And then there was a two-parter we did where Brian sends out a tweet that many people in town found offensive, and it leads him to basically being kicked out of the Griffin house. I salute Artie Johann, who wrote it, and our director Julius Wu; in the end of that episode, it’s Brian as a lowly guy in a CVS store buying whatever his budget allows him, a few items to take home to his lonely guy apartment, and just sitting there basically listening to Wheel of Fortune in the neighbor’s apartment on their TV because he doesn’t have one, and it lands with a kind of poignancy, but it’s also funny. Again, it’s not what was the typical ending of a Family Guy episode a decade ago, and then the next part was how he finds his way back into the good graces of the town and the family, plus 100 jokes.
Alec Sulkin: I’m going to highlight the Kingsman scene in the episode where Brian sends the offensive tweet. There’s a ripple effect. The kids, Chris and Meg get harassed in high school just for associating with Brian. I don’t know if you saw the movie Kingsman, there’s a great violent and awesome fight in a church, and so we do our version of that in the school cafeteria where they have to fight off everybody. It’s a PC mob, we call it, but that scene was just so well animated by our team.
DEADLINE: Are you continuing to push the form next season? The three acts in three different styles has been a franchise for you. Is another one coming?
Alec Sulkin: Well, yeah, that three-act structure with different stories is something that we have done a few times over the years, often with very good results. We had Three Kings, which is three stories by Stephen King, that were each an act, we had the three directors that we just talked about, and for next season, we’ve been working on one which is three classic love stories.
Rich Appel: Yeah, from Helen of Troy to Romeo and Juliet, and then we say, and sometimes love doesn’t work out, so we do Fatal Attraction, which will be part of our Valentine’s Day episode. What could be more romantic than watching Fatal Attraction on Valentine’s Day, or at least the Family Guy version of it? And we’re doing one next season that I think also pushes the envelope. It’s a DVD commentary episode where we have the cast just in voiceover watching the episode that the audience will be watching and doing their commentary about the making of that episode.
We have one story that’s happening in the episode that they’re commenting on, and then another story that just unwinds in the recording booth and voiceover when Lois discovers that Peter makes more money than she does, and the reason for that is that he’s still paying alimony to Sarah Paulson — playing herself — who was his first wife. She was also in our universe as a guest star in the episode they’re commenting on, and the director of that one, Greg Colton, spent a ton of time, because you have to adjust the volume of what story you’re listening to, but the story on screen still has to make sense.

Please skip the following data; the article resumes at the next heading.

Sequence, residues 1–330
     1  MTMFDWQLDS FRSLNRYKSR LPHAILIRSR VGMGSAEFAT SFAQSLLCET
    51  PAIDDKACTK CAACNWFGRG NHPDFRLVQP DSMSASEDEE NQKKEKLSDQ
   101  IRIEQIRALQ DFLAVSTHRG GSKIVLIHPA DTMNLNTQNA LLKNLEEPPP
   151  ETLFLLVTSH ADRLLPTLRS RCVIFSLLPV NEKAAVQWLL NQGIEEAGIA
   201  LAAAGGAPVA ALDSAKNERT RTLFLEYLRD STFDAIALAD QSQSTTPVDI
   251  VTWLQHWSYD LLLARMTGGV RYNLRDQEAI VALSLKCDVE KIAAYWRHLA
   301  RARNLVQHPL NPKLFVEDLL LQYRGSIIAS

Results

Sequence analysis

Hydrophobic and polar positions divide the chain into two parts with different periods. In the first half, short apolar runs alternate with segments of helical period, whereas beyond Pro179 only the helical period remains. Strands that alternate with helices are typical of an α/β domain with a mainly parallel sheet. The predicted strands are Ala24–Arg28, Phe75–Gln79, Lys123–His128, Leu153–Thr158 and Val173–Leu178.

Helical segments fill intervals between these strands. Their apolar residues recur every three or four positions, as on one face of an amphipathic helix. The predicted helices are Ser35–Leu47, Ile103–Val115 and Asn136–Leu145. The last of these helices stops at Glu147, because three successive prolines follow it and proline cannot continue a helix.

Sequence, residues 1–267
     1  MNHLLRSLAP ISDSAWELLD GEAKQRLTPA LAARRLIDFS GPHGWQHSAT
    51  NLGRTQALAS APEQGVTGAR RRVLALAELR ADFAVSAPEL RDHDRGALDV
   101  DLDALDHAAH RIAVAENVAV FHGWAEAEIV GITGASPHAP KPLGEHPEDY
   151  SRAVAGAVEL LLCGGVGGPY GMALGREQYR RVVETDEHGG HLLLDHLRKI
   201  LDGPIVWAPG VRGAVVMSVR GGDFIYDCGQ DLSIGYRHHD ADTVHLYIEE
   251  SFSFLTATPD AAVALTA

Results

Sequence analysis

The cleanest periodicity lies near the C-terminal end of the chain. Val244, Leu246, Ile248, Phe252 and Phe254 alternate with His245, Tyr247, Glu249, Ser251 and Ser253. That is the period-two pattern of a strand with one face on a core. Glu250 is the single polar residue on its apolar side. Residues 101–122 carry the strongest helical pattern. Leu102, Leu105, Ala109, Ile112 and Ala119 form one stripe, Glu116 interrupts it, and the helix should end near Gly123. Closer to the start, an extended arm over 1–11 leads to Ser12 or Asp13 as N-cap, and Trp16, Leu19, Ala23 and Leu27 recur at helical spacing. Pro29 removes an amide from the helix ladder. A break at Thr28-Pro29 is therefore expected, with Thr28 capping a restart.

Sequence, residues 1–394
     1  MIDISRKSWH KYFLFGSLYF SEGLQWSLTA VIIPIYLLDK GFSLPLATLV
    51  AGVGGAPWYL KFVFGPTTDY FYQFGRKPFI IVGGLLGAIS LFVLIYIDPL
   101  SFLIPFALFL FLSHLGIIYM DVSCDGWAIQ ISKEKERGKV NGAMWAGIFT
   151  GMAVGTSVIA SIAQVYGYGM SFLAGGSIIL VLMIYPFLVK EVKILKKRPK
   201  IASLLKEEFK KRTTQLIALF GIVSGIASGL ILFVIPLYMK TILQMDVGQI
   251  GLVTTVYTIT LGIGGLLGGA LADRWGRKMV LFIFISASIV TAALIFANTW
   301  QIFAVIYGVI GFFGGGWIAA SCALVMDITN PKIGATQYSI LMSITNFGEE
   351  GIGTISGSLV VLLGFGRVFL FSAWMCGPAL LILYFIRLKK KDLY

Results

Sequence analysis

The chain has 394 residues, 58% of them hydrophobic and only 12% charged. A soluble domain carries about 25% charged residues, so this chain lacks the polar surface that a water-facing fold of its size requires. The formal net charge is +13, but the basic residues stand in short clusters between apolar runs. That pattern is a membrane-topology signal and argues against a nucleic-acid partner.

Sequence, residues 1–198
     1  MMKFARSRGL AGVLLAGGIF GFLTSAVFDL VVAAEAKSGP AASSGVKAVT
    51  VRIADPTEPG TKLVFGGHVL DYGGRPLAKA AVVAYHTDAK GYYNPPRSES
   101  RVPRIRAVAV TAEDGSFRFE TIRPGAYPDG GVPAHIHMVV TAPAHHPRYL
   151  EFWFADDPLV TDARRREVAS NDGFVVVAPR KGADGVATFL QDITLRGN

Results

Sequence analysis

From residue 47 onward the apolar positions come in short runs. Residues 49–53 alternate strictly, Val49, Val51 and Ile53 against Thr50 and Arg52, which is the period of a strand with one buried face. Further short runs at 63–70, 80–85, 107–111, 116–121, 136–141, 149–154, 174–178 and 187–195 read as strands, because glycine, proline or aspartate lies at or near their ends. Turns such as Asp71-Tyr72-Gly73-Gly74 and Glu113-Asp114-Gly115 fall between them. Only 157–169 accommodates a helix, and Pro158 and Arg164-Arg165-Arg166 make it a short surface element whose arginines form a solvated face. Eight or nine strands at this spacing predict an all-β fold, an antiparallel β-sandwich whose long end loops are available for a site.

DEADLINE: Have you heard back from any directors whose styles you imitated in the three-act episodes? What did they think about your interpretation?
Rich Appel: I don’t think we heard from them, but we did hear from Kingsman‘s Matthew Vaughn. He had seen that, and then invited the entire production team to the Fox lot to watch a sneak preview of the sequel, which many of us, myself included, did do, and that was really nice because, we hadn’t sent it to him, but someone clearly had, and he contacted us and said that he loved it.
Alec Sulkin: And usually we only hear from people when they’re very mad.
DEADLINE: Speaking of people being mad, are you planning more stunts with deaths — fake or real — of Family Guy characters? Brian’s brief “passing” in 2013 made waves.
Alec Sulkin: I would say that that’s always a possibility. I don’t think that we have any immediate plans to kill off any of our main characters, but with our show, you never know. That’s why people went so nuts over the Brian thing, because it felt very real, like it could happen. Of course we got it all back.
Rich Appel: Yes, and at the time, I remember that someone wrote a column in a big newspaper about how the Family Guy writers realized that it was a huge mistake from fan reaction, and two weeks later, they brought him back in an episode. I remember thinking, that’s somebody who does not understand that we spend a year on each of these shows. So, luckily, fans missed him because we knew he was coming back. Brian, next year in the season premiere, he’s going to get married, and that’s a two-parter. So that’s something — instead of killing off a character, we’re bringing on a character, and we’ll see what happens with that.